Taiwanese flat-panel TV maker Amtran Technology Co Ltd (瑞軒) said yesterday its affiliate, Vizio Inc, had filed an anti-trust and unfair competition lawsuit against its Japanese rival, Funai Electronics Co, in the US.
The latest legal action by Vizio followed a ruling by the US International Trade Commission’s that invalidated a related patent that Funai had attempted to enforce against Vizio and to review a judge’s prior decision that Vizio had infringed on part of US Patent No. 6,115,074.
Irvine, California-based Vizio alleged that Funai, “acting alone and in concert with others, unlawfully restrained trade and monopolized the market for the licensing of technology used to interpret and retrieve information from a digital television broadcast signal, as well as the market for digital television sets and receivers,” Amtran said, citing Vizio.
Amtran has a 23 percent stake in Vizio and makes flat-screen TVs for the US’s third-largest liquid-crystal-display (LCD) panel TV maker.
“The company will safeguard the company’s legal rights and seek any possible means to protect the company’s interest,” Amtran said in a filing to the Taiwan Stock Exchange yesterday.
Vizio expanded its share of the US LCD market by volume to 12.8 percent in the fourth quarter of last year, up from the third quarter’s 8.4 percent, behind Sony Corp and top-brand Samsung Electronics Co, market researcher DisplaySearch’s latest tallies showed.
Vizio filed the antitrust and unfair competition lawsuit in the US District Court, Central District of California, against Funai and related components, a company statement released earlier this month on its Web site said.
“VIZIO, as America’s HDTV Company, has been instrumental in making high quality flat panel TVs more affordable for Americans. Especially in light of the nation’s digital TV transition, we won’t allow a foreign competitor to divert us from our mission to bring affordable high quality HDTVs to millions of Americans,” Vizio co-founder Laynie Newsome said in a statement.
Amtran jumped 3.2 percent to NT$11.25 yesterday, outperforming the TAIEX’s 0.9 percent rise.
This week’s undoing of the TerraUSD algorithmic stablecoin and its sister token, Luna, has ramifications for all of crypto. First, there is the immediate impact: The rapid collapse of a once-popular pair of cryptocurrencies sent a ripple effect across the industry, contributing to plummeting coin prices that wiped hundreds of billions of market value from the digital-asset market and stoked worries over the potential fragility of digital-asset ventures. Then there are the knock-on effects. In addition to delivering punishing losses to individual users and investment firms, the spectacular failure of a market darling like Terra threatens to have a cooling effect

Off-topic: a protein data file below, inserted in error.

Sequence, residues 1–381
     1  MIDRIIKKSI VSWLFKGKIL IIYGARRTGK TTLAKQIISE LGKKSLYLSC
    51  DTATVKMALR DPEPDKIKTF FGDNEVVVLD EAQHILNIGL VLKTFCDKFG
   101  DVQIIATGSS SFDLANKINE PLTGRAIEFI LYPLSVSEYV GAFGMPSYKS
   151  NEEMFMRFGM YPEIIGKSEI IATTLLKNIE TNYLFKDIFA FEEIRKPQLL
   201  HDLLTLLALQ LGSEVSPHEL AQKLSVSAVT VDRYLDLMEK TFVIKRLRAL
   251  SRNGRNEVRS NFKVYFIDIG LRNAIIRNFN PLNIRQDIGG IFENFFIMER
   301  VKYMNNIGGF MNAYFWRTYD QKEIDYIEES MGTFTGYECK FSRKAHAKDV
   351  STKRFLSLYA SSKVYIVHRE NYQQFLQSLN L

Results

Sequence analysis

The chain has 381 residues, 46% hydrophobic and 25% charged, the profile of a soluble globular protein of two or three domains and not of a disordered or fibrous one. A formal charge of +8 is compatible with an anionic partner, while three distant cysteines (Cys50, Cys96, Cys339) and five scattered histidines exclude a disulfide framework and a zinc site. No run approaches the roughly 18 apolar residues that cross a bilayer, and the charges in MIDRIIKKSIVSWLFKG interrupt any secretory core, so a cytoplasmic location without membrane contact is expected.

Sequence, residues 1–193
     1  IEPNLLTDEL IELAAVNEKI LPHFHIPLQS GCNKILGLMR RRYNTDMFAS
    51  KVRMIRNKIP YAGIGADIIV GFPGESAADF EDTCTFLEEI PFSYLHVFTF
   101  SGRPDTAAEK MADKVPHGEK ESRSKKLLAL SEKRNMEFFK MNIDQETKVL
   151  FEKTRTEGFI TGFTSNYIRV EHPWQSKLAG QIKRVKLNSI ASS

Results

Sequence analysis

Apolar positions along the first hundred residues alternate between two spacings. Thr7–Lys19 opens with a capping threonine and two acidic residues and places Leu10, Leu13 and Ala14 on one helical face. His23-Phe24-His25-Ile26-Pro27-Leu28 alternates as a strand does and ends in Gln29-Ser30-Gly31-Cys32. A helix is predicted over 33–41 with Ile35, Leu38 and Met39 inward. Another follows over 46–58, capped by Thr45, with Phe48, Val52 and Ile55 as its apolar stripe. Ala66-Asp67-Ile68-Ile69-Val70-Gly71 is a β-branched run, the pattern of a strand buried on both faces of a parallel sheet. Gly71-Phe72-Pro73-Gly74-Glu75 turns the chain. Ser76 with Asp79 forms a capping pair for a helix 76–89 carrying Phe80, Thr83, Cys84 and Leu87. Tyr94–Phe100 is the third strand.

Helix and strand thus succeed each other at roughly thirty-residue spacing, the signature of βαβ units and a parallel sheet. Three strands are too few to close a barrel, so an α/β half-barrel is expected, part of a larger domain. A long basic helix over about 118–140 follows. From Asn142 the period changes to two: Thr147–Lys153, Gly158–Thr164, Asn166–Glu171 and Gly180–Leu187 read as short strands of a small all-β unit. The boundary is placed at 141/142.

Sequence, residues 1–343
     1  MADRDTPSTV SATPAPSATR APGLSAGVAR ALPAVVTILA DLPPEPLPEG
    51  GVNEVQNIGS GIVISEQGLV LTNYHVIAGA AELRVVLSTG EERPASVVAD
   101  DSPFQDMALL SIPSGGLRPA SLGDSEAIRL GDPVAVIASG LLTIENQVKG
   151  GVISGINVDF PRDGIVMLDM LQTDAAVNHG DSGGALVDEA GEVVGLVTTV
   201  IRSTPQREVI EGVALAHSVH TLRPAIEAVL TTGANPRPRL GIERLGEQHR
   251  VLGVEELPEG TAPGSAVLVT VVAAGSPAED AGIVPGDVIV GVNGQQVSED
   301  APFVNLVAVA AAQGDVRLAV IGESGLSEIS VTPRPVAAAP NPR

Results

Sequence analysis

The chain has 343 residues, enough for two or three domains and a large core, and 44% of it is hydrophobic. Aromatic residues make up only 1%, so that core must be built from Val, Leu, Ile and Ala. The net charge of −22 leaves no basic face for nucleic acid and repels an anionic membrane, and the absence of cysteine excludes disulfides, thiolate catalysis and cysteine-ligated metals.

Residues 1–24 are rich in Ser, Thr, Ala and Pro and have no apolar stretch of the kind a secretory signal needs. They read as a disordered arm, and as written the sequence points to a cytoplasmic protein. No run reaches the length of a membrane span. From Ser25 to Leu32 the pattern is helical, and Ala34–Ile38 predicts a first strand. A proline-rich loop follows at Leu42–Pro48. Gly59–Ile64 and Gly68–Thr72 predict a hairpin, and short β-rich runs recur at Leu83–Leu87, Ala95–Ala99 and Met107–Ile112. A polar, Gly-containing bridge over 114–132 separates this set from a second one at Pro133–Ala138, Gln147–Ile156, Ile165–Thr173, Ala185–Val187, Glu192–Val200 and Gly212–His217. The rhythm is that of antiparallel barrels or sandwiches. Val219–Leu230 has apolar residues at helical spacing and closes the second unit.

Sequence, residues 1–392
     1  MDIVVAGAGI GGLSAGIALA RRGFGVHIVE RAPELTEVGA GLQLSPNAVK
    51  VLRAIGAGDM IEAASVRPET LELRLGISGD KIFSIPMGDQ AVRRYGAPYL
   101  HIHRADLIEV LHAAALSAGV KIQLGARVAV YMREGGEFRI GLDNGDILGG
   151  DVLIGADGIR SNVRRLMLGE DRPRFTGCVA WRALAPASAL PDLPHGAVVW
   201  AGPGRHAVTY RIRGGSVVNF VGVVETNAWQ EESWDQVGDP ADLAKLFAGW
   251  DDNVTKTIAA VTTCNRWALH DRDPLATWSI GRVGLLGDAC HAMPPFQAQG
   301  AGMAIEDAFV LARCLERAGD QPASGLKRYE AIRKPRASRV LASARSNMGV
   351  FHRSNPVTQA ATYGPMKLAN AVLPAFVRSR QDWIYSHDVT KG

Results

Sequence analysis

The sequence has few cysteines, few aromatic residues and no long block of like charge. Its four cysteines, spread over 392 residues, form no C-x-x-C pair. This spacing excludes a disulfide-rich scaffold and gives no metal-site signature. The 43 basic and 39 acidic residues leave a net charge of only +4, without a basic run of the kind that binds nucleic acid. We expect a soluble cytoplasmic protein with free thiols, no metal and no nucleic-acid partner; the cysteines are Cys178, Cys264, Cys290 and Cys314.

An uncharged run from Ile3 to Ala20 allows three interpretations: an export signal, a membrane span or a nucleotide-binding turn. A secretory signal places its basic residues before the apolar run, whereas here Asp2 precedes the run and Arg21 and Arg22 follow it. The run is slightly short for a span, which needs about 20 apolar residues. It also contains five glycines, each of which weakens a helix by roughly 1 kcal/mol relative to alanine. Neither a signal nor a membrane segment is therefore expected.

China’s biggest chipmaker has cut its outlook for the second quarter, joining a growing list of manufacturers warning about the fallout from lockdowns aimed at containing the country’s worst COVID-19 outbreak in two years. Semiconductor Manufacturing International Co (SMIC, 中芯) estimates a month-long lockdown in Shanghai could spur component shortages and logistics tangles, and erase about 5 percent of its output in the second quarter. “We are trying our best to mitigate the impact on product delivery,” SMIC Chairman Gao Yonggang (高永崗) told analysts on a call yesterday morning. “We are still assessing the actual impact as many suppliers restart their
DISRUPTIONS: The war in Ukraine, China’s lockdown measures, rising interest rates and inflation have thrown a wrench into business plans made years in advance Samsung Electronics Co is talking with foundry clients about charging as much as 20 percent more for making semiconductors this year, joining an industry-wide push to hike prices to cover rising costs of materials and logistics. Contract-based chip prices are likely to rise around 15 percent to 20 percent, depending upon the level of sophistication, people familiar with the matter said. Chips produced on legacy nodes would face bigger price hikes, while new pricing would be applied from the second half of this year, they said, adding that Samsung has finished negotiating with some clients and is in discussions with others. Samsung’s decision
material SHORTAGE: Even as workers are about to return, Quanta lacks operating supplies, while Pegatron reported its lowest revenues in 11 quarters, the companies said Taiwan’s major Apple Inc supplier cut its outlook for the second quarter, joining a growing list of manufacturers warning about the fallout from lockdowns aimed at containing China’s worst COVID-19 outbreak in two years. Quanta Computer Inc (廣達電腦), which assembles MacBooks, expects a 20 percent quarterly fall in notebook shipments and a squeeze on margins this quarter due to the lockdown, a company representative said on Friday during an earnings call. The impact from supply chain disruptions could last until the end of the year, she said. The company’s Shanghai factory has been operating under tight restrictions since the middle of last month,